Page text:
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Thursday, June 09, 2005

 

the institutional value of the catholic church


pope benedict's words on western social trends as "expressions of anarchic freedom" have the adherents of total personal emancipation in a lather.

"The greatest expression of freedom is not the search for pleasure," he said, adding that society seemed to want to tear down the moral goal posts he said were needed for its future.
this isn't, of course, him speaking off the cuff. his statements on these points are the church's defense, as an institutional guardian of western civilization, of a way of life that the western proletariat -- who for hundreds of years saw the wisdom of social coercion and cooperation -- is entirely rejecting for nietzschean idealist freiheit. it is facing -- we all are facing -- the collapse of western civilization; this drive to break all social obligations in an orgy of the personal is a symptom and cause of it.

he realizes it, as do many secular historians. and he's doing what he must do to preserve the west, even if he and the roman church are not ultimately successful.

this is the entire point of having an institution. of what use would the church be if it blew around with the whim of the proletariat? it would have vanished long ago -- indeed, that is the definition of institutional death (and the people in charge of democratizing the world should be made to understand that).

the church is a repository and protector of western man's accumulated wisdom in the form of biblical exegesis. we can all see that the homeric or teutonic epics are mythological repositories of great value to the societies that produced and maintained them -- and that those societies which abandoned them as elevated teaching did so only shortly before their perversion, decline and destruction. why is it hard to imagine that we are doing the same with the catholic church?

this emancipation from history and tradition is precisely the decline of civilization. we may find that the oppression of this-or-that group vis-a-vis another or society at large, or the abuses of power visited upon societies from time to time by even healthy aristocratic systems -- both of which have been part of the story of civilizational ordering -- to be evil in our personal moral judgement. but the fact that aristocracies could wield such influence without maintaining massive armies against their peoples, and that groups representing dissent from tradition could be oppressed often without overt action on the part of institutions -- for what was perceived as the broader good -- was evidence of the strength of civility and the value that was seen in it by the vast majority of western peoples.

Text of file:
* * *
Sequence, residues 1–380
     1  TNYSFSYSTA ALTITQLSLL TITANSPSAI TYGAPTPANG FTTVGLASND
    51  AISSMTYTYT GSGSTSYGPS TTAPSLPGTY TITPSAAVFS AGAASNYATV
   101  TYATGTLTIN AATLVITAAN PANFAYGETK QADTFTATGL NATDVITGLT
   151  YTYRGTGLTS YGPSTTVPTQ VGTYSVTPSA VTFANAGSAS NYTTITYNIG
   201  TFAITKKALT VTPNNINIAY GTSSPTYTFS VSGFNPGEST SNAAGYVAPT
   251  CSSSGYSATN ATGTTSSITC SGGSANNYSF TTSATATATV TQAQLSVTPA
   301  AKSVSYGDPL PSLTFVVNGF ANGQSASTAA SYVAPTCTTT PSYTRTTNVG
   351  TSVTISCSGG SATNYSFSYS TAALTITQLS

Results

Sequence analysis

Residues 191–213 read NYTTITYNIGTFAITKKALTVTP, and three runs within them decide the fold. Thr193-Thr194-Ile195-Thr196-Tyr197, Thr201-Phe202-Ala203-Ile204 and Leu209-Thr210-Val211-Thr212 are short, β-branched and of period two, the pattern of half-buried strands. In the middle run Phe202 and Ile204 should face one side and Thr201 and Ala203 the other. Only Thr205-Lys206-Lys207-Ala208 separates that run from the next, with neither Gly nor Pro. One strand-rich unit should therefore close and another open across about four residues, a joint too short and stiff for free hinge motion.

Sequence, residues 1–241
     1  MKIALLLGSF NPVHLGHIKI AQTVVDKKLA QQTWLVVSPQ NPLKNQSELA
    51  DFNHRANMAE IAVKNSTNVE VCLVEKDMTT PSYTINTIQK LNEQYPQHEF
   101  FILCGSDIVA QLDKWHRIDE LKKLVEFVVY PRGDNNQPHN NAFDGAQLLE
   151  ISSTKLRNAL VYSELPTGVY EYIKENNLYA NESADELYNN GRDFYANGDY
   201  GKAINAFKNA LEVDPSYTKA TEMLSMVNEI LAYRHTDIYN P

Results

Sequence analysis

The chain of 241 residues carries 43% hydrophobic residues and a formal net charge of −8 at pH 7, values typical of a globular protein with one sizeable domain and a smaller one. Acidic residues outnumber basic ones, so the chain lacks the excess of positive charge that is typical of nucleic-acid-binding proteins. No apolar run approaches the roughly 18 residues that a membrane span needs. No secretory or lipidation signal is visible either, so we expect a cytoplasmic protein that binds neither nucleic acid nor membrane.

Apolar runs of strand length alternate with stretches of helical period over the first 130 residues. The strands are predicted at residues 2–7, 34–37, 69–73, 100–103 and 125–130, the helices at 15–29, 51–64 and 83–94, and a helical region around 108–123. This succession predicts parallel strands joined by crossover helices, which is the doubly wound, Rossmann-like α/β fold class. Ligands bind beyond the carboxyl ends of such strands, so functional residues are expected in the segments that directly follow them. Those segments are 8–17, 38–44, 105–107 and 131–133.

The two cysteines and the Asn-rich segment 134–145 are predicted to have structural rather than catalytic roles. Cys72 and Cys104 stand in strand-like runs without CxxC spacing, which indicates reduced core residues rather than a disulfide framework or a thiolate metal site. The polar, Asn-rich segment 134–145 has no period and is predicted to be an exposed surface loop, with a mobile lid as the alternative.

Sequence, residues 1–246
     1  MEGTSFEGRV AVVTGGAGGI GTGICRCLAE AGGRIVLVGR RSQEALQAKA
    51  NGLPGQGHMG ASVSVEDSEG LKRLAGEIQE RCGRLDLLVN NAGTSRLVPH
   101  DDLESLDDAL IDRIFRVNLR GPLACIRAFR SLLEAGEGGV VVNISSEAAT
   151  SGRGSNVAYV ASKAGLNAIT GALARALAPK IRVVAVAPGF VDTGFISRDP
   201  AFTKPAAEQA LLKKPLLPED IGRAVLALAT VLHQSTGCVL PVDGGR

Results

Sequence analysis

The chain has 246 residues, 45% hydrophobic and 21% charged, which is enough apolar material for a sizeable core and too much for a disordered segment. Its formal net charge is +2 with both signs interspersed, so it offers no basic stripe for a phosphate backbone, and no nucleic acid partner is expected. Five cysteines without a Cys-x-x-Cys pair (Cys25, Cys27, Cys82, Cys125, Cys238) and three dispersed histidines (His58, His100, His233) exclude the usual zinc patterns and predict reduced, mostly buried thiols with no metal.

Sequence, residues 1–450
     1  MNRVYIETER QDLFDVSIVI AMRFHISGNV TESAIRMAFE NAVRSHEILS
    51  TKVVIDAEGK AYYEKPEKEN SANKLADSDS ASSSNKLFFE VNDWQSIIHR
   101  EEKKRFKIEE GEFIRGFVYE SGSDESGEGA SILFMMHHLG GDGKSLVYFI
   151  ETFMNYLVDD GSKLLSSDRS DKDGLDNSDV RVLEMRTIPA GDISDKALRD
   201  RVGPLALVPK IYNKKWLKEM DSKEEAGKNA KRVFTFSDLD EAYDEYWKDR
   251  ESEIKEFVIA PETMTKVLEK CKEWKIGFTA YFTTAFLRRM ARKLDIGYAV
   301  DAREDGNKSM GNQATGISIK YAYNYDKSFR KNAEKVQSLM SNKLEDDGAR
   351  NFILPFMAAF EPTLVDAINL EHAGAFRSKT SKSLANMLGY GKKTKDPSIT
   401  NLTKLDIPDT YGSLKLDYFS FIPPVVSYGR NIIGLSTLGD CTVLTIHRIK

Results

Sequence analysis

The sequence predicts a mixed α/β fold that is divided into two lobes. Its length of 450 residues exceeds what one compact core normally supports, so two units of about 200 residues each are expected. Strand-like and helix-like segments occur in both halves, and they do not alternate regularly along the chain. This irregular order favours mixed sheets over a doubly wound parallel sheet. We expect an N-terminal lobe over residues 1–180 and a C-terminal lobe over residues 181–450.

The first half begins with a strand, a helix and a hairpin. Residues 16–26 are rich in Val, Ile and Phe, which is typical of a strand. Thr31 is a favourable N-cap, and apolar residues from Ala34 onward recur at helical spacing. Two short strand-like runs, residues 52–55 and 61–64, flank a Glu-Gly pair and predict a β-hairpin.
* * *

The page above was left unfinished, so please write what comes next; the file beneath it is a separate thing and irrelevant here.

instead, in the postmodern period, we find our own individual, changable and frequently unconsidered ideas about what should or should not be oppressed or promoted to be far more valid than the sum of experience. social history and tradition are specifically rejected.

that prior age of social power has passed, i think we can say definitively, as the pragmatic liberty that was ensured by the power of society has been largely overturned for the idealistic rights of man. burke's famous and awesome attack on the french revolution and the rights of man has become the attack validly made upon us. it is not less valid simply because irresponsible emancipation has become more popular as we have become more decadent and self-indulgent -- to the point where we can't even keep families together for fear and anger of trodding on individual prerogatives.

next stop: gradual total disintegration, as people -- increasingly aware of their freedom to be totally irresponsible without obvious consequence -- choose to opt out of everything, especially law.

the advocates of total personal emancipation you should perhaps prepare themselves for a lot more chaos and fear and destruction than they would wish to see our friends and loved ones suffer through, if history is any guide -- all so that we can feel responsible to nothing.


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